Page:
In retrospect, I was very young when I came into this business, and I will never forget Roy Weatherby's kindness. In 1978, before I joined then-Petersen Publishing and was very much a struggling young freelancer, Roy Weatherby granted me an interview. It was later revealed that some of his senior people told him he was wasting his time, but it was his time to waste, and he agreed to see me there in his long-standing South Gate, Calif., office.
That was actually the second time I met him, but I doubt he remembered the first. When I was about 12 years old, Roy came to speak at a meeting with the Kansas Rifle and Pistol Association. My uncle, who knew him, picked up Roy in Kansas City, and I rode along on the trip to Topeka. Gun-struck kid that I was, I pestered him with questions all the way there, and he answered them patiently. Roy Weatherby always had time for young shooters.
Which brings me to my favorite memory. It was during the 1984 Olympics, held in Los Angeles, with my boss, Robert E. Petersen, as Commissioner of the shooting sports. We (he) decided we should hold a sports fair close to the Olympics venue — in summer in an inland valley — so there we were, in sweltering tents in summer heat. There was Roy Weatherby, long past his first heart attack, just four years from his final one, holding his post in his booth, sweating in jacket and tie and holding forth to enthralled youngsters (and many oldsters) on his beliefs. I was there in shirtsleeves, a long way shy of 40, and I was miserable. Roy preached his gospel of velocity, accuracy and performance to a whole new audience. Through those long, hot afternoons, he gave us all strength.
Time goes on, people must go, and other people must step in. Roy E. Weatherby Jr. — "Ed" — is at the helm now. He assumed the reigns of the company upon his father's death in 1988. There will never be another Roy E. Weatherby, but this I can say about his son: Some apples don't fall far from the tree. Ed Weatherby is the finest natural rifle shot I have ever known.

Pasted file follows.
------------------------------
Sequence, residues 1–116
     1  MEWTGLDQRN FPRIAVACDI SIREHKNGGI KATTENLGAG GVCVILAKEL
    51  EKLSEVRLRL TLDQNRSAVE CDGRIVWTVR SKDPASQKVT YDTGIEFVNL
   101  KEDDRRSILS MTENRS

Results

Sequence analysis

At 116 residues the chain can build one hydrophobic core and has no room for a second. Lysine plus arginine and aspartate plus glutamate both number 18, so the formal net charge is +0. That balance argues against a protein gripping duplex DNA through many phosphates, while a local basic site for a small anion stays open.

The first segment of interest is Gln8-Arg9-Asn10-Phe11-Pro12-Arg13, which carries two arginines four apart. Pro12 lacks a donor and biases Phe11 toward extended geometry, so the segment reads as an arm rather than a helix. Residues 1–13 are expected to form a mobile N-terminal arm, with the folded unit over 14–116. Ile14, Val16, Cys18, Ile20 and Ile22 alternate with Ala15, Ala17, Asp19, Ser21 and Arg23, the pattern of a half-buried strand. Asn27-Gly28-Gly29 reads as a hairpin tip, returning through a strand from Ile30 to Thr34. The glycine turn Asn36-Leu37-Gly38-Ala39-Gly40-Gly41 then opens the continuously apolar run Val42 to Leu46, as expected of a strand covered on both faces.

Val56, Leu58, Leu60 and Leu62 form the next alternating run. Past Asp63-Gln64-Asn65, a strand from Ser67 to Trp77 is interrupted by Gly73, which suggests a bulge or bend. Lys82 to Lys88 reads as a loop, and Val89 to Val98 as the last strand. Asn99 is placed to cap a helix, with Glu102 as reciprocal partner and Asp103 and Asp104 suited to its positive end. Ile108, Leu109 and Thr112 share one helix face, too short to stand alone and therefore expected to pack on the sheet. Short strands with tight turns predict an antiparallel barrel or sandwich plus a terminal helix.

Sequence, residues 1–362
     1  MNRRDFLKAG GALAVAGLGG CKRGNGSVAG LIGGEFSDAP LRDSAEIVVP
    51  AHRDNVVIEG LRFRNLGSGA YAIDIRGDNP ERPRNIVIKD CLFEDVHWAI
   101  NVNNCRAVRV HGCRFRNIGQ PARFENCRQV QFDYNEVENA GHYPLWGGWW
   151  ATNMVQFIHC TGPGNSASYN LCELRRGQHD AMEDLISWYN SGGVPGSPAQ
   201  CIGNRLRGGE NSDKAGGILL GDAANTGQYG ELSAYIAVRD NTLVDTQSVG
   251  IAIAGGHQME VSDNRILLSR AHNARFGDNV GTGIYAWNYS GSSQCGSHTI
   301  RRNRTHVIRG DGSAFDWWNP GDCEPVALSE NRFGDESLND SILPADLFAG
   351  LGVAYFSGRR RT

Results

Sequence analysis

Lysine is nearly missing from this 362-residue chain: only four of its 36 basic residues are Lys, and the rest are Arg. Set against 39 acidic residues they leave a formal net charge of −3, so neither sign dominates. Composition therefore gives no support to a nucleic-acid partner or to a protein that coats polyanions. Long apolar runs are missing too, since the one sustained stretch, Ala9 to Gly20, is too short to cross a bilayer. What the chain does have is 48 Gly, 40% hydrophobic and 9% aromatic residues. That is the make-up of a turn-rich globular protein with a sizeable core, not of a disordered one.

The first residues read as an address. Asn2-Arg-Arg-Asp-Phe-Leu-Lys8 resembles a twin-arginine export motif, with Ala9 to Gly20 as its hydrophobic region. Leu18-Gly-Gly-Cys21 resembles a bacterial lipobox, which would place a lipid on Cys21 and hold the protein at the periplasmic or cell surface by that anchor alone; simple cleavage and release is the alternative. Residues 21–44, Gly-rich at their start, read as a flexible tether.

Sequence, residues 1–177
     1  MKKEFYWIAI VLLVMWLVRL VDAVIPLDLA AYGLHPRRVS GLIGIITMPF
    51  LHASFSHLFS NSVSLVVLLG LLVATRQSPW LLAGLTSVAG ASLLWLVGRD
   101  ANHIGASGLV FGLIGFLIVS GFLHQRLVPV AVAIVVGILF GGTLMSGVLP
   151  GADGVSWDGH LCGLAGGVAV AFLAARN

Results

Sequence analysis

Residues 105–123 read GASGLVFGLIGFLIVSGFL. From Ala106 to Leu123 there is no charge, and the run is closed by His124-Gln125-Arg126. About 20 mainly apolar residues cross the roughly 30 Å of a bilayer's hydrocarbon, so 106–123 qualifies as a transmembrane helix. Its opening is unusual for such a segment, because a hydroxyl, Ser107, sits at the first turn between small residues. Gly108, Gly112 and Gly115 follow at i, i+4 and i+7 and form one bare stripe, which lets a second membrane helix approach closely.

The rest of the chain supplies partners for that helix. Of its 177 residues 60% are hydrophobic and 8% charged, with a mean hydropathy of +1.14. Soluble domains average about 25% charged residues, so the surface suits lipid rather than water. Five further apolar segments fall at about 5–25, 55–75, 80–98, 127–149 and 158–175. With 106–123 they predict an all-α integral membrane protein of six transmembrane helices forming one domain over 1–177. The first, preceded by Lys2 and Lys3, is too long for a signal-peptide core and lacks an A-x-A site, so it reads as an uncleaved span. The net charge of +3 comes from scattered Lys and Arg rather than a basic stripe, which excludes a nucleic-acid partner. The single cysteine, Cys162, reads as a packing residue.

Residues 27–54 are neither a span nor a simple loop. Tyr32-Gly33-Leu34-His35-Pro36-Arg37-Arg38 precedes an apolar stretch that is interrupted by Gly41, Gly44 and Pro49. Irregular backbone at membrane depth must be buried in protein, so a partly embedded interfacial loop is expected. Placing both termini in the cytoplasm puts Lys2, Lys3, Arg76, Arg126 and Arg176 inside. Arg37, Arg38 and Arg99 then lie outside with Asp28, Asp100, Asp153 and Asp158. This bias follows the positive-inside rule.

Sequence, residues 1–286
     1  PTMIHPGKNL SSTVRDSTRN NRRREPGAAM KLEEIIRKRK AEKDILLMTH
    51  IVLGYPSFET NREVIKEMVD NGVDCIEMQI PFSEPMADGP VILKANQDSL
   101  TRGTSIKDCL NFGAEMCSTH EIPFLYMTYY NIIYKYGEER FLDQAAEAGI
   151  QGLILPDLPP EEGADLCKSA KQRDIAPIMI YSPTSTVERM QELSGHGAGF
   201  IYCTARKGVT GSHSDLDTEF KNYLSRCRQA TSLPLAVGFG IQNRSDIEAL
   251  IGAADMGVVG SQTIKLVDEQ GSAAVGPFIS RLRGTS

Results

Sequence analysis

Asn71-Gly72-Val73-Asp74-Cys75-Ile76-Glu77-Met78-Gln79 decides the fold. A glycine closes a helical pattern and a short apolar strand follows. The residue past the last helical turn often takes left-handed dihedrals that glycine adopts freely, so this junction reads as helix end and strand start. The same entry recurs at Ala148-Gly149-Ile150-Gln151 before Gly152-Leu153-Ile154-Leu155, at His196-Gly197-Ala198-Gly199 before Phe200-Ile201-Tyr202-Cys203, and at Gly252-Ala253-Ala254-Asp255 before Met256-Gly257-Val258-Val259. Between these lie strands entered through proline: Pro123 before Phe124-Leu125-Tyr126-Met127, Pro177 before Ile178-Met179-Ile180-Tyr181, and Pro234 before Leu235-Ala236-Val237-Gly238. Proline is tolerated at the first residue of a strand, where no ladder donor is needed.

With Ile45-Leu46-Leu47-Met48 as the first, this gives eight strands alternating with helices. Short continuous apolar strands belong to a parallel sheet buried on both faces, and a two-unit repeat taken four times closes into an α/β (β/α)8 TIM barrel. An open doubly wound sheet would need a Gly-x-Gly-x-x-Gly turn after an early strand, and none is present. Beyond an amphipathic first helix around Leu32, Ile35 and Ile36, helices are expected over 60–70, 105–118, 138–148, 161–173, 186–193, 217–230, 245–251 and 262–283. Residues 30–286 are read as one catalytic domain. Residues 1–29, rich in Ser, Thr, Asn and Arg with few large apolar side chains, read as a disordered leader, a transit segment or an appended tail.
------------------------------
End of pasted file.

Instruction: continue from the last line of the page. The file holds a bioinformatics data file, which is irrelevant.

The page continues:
Last year, I asked Ed what the 70th anniversary of his company meant to him, and he replied: "In the early years, his slogan was 'Tomorrow's Rifles Today.' Truly, they were tomorrow's rifles. As it was then and still is today, nothing shoots flatter, hits harder or is more accurate than a Weatherby. He started and built Weatherby with innovation, performance and quality. These three factors still drive Weatherby today."
Ed Weatherby's son, Adam Weatherby, third generation, was away from the firm for some years before he came back to assume the role of executive vice president and COO. "One of the phrases we have often heard throughout the last 71 years is, 'I've always wanted to own a Weatherby.' Weatherby has inspired the dreams of hunters and shooters. It is for this reason that we exist," he said.
I don't know Adam Weatherby very well, but I need to know him better. I think he will remind me very much of his grandfather, and that is a wonderful thing.